It is also a requirement that all new electrical products placed on the market (since 1st April 2007) are marked with the crossed out wheeled bin symbol (shown below) and a producer identification mark.

Why Do We Need The Regulations?

Every year the UK throws away around 2 million tonnes of WEEE. It is one of the fastest growing waste streams in the UK and the EU. The EU adopted the WEEE Directive to deal with this waste by making sure more waste is collected for treatment and recovery and less goes to landfill.

The WEEE Regulations were introduced in January 2007 in the UK. They affect everyone who uses, sells, treats or disposes of WEEE as well as those that produce EEE. The guidance from BERR explains the obligations of those involved with WEEE.


The UK targets are to collect 4kg of WEEE per annum per inhabitant from households.

For further information on the UK targets and achievements, please see the link below:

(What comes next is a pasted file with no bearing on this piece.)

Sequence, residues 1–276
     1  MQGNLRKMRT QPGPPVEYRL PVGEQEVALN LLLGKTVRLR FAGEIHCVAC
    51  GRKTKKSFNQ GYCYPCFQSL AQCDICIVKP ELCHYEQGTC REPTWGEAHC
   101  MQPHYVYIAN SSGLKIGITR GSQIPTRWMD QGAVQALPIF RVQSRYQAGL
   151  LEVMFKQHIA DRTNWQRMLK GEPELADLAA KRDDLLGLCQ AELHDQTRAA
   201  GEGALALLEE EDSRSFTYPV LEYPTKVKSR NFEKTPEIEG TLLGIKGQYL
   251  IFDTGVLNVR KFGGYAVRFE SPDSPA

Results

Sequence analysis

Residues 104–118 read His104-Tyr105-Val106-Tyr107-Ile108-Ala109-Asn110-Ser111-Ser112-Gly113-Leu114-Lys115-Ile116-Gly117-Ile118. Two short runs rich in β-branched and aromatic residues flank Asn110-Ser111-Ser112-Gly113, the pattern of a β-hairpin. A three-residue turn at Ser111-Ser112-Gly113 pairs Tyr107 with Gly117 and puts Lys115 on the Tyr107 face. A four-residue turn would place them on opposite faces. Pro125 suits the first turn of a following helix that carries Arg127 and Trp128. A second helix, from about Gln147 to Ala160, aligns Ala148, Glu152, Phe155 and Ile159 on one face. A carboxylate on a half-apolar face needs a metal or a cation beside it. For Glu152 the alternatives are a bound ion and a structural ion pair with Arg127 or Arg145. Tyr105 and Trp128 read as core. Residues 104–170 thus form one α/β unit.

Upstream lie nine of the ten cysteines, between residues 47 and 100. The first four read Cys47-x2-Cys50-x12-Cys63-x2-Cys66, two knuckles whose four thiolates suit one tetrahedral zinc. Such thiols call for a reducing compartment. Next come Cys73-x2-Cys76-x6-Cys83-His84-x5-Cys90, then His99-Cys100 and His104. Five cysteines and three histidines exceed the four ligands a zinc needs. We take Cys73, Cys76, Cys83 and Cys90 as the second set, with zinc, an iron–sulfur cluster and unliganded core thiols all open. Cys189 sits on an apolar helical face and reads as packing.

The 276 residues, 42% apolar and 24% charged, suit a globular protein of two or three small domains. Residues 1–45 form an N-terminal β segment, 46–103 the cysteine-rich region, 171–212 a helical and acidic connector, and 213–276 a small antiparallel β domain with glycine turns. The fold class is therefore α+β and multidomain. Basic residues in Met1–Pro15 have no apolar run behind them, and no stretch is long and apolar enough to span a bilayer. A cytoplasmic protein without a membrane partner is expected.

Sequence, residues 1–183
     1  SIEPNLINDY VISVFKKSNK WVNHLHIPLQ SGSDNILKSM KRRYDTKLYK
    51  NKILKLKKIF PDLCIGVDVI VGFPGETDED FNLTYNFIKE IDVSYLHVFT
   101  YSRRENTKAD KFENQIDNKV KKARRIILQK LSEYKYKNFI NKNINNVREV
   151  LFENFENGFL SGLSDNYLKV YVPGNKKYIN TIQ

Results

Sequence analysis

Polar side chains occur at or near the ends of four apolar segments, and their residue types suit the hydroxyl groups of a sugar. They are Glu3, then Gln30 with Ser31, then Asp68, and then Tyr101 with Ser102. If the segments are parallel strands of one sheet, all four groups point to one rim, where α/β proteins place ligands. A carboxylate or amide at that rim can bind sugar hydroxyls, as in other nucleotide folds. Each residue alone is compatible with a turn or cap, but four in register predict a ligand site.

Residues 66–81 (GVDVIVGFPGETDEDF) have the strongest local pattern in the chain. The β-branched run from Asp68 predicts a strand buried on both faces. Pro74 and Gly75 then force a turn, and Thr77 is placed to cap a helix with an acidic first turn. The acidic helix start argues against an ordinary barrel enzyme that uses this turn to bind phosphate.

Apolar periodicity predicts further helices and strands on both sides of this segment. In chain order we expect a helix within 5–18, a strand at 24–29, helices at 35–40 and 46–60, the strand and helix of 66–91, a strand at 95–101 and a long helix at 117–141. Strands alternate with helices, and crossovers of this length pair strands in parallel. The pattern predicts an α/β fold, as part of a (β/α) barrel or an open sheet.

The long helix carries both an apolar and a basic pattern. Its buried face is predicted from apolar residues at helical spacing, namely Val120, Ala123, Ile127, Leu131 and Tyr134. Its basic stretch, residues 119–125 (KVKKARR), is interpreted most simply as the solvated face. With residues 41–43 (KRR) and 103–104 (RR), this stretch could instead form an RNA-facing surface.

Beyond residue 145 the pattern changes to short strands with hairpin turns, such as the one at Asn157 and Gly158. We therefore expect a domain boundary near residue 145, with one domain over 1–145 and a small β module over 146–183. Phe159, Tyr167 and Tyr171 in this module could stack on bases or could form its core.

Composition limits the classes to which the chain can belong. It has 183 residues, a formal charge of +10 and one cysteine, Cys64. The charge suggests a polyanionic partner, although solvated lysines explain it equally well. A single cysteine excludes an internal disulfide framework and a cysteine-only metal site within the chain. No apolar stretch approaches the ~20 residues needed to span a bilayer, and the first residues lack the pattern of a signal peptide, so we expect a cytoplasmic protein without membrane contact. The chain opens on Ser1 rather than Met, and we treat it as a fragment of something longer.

WEEE Directive Targets and UK Achievement


'Do I Need To Comply?' Environment Agency Guidance

Website References

  1. Environment Protection Agency (EPA), Waste from Electrical and Electronic Equipment (WEEE) http://www.epa.ie/whatwedo/sustain/mgt/weee/
  2. BIS (The Department for Business Innovation & Skills), EC Directive on Waste Electrical and Electronic Equipment (WEEE http://www.bis.gov.uk/weee
  3. The Environment Agency, WEEE: Waste Electrical and Electronic Equipment http://www.environment-agency.gov.uk/business/regulation/31975.aspx
  4. Defra (The Department for Environment Food and Rural Affairs), Electrical and Electronic Equipment Waste http://archive.defra.gov.uk/environment/waste/producer/electrical/index.htm
  5. NetRegs, Waste electrical and electronic equipment (WEEE) http://www.netregs.gov.uk/netregs/topics/WEEE/default.aspx
  6. DOENI, Waste Electrical Electronic Equipment http://www.doeni.gov.uk/index/protect_the_environment/waste/waste_electrical_electronic_equipment.htm
  7. SEPA, Waste Electrical and Electronic Equipment (WEEE http://www.sepa.org.uk/waste/waste_regulation/producer_responsibility/weee.aspx